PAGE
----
Leading the Way for Conservation
Nature Conservancy scientists are eager to make a difference in the real world. That’s why the Conservancy is the world’s leading conservation science organization: our scientists are thought-leaders who consistently strive to break new scientific ground.
Our signature scientific work embodies this leadership, going beyond the traditional scope of conservation—the protection of land, water and biodiversity—to tackle the planet's toughest environmental challenges. From coral reef resilience to fire ecology, from energy siting to how nature can improve livelihoods, our science work constantly pushes the practice of conservation forward.
Learn more about our science leadership through the features below.
Tools & Resources
With this cool tool, you can access current data and visualize climate change impacts where you live.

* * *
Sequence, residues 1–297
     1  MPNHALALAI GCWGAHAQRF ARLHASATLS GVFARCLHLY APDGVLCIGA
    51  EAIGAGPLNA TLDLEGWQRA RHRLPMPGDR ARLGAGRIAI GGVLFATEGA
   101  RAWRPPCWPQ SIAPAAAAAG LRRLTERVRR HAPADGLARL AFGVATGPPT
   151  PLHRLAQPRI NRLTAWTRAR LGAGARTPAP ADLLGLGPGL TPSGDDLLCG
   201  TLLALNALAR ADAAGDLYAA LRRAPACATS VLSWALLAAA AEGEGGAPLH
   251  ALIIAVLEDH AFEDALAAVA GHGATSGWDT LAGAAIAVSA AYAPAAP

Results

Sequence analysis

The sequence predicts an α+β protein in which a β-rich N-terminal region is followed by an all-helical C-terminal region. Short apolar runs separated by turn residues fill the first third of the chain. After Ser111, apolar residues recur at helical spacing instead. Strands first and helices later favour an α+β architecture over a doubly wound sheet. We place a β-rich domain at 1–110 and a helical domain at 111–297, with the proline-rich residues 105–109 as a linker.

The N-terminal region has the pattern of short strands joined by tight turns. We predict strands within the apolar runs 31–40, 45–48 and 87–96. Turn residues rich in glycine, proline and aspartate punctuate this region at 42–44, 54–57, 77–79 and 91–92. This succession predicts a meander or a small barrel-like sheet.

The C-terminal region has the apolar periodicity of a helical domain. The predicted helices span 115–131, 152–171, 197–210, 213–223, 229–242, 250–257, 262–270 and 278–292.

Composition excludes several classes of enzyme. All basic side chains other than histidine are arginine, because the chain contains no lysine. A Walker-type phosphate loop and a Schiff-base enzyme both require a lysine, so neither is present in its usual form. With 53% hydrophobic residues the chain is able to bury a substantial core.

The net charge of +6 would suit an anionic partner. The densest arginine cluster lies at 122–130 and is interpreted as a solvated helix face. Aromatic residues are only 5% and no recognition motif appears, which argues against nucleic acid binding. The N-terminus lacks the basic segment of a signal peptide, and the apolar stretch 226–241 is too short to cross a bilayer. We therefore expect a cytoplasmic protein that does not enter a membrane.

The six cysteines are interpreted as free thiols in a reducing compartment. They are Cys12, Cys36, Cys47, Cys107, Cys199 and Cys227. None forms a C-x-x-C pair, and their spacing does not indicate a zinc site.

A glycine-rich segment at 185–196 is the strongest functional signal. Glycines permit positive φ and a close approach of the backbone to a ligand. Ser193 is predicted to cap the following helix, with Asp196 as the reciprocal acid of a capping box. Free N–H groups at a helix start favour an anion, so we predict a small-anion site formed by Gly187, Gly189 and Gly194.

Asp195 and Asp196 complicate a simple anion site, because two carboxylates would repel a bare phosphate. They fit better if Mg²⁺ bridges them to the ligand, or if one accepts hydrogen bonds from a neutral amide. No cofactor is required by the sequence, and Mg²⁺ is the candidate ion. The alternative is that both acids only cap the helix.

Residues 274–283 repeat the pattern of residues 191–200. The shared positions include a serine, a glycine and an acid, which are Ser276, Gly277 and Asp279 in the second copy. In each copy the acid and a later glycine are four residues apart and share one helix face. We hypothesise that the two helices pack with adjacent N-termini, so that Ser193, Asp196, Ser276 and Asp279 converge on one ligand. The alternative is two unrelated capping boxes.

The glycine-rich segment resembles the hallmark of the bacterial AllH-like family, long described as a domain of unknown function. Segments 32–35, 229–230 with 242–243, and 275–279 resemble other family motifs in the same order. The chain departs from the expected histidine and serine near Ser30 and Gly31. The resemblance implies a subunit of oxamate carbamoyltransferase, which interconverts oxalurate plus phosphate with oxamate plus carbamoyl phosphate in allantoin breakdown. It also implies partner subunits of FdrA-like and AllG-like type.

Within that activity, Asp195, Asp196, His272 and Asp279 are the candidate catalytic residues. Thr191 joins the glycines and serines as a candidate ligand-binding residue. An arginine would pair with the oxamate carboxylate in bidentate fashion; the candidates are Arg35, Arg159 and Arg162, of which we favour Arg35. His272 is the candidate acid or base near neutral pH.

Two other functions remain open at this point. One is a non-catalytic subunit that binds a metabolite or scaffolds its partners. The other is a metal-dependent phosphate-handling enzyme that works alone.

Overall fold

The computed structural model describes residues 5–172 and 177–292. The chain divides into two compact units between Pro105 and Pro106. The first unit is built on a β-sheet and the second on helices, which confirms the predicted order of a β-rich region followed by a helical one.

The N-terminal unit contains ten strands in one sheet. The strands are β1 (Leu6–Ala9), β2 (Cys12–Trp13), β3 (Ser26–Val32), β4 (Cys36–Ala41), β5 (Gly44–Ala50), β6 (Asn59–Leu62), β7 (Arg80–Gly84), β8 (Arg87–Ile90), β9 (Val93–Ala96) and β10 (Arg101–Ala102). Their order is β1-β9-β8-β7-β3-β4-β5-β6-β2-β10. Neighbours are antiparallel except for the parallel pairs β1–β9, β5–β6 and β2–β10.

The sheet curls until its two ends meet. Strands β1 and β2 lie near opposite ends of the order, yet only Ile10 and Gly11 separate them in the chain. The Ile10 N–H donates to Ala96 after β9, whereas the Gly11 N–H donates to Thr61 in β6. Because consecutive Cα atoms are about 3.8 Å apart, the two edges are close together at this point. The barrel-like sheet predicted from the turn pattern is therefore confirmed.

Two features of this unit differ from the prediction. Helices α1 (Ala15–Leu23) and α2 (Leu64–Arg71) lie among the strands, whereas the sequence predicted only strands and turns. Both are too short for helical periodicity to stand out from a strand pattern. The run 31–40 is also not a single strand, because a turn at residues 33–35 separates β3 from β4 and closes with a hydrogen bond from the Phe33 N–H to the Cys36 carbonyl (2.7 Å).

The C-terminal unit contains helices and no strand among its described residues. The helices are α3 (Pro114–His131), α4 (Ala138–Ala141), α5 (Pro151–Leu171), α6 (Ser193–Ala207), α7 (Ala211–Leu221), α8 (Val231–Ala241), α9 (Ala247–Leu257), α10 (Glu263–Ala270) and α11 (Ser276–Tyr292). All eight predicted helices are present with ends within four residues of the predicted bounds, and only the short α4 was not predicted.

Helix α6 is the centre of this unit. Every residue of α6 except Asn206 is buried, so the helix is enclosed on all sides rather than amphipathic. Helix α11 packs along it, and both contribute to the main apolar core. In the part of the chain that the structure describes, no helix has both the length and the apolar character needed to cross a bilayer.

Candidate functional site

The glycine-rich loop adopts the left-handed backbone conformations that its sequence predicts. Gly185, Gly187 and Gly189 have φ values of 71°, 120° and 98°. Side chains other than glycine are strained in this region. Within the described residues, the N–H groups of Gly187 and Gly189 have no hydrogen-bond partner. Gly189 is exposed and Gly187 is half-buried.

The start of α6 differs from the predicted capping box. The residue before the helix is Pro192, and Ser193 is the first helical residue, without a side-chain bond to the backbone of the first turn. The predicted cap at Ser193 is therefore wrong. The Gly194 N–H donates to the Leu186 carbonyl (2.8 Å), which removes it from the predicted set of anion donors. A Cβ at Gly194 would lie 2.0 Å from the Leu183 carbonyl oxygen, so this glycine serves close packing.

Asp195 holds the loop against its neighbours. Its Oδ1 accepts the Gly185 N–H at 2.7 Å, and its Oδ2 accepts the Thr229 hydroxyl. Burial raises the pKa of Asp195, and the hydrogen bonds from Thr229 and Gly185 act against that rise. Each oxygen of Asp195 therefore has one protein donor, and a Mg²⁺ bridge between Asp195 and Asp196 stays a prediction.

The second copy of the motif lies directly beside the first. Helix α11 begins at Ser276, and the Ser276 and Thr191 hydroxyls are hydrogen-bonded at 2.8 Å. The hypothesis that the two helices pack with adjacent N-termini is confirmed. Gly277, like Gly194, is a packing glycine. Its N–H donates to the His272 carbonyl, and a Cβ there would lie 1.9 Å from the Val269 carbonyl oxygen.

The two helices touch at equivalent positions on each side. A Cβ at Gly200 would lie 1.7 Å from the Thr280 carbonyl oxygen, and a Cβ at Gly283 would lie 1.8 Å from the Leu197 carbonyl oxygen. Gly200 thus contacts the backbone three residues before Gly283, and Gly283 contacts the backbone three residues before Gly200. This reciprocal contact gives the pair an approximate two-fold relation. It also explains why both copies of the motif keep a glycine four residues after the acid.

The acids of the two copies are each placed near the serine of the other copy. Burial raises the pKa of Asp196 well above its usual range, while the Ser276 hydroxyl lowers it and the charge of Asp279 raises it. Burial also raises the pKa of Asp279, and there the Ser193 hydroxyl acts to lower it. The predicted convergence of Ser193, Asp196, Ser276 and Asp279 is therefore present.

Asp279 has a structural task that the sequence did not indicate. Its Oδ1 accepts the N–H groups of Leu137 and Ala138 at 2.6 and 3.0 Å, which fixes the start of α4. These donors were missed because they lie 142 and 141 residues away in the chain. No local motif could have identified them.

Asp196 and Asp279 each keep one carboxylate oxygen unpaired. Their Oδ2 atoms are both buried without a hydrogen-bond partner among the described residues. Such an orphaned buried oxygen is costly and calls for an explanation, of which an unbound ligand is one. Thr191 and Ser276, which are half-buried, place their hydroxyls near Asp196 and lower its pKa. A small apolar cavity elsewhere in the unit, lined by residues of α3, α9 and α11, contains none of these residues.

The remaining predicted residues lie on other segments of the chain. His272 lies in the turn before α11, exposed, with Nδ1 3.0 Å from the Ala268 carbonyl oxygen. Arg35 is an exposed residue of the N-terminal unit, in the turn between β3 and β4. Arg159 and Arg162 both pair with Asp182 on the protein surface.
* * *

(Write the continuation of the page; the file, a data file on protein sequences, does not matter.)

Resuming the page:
No one has ever tried to compile everything known about nature on Planet Earth — until now.
The Gateway shares the best information we use to inform our work at The Nature Conservancy with conservation practitioners, scientists and decision-makers.
How did scientist Andy Jarvis come up with a cutting-edge way to measure how much humans are degrading nature?
How We Work
For two decades, The Nature Conservancy’s work has been guided by a framework we call Conservation by Design.
Helping integrate practical science into business and policy strategies.
We’ve developed a science-based approach for balancing the needs of people and nature.
Can we quantify the benefits nature gives us—not just aesthetic, but tangible?
Applying proven conservation methods and testing new approaches to help people respond to the impacts of climate change.
We're tackling the problem of coral bleaching from a new angle.
The world's most threatened marine habitat isn't coral reefs or mangroves.
Better integrating women into conservation projects could increase the benefits to people.
Many habitats benefit from fire, but human intervention has altered these natural fire patterns.
Conservation faces a moment where the need to be able to bring world class economics to problems on a rapid time scale is paramount.
Can conservation improve people's lives? Conservancy scientists are finding out.
Our conservation is smart—but how could it get even smarter?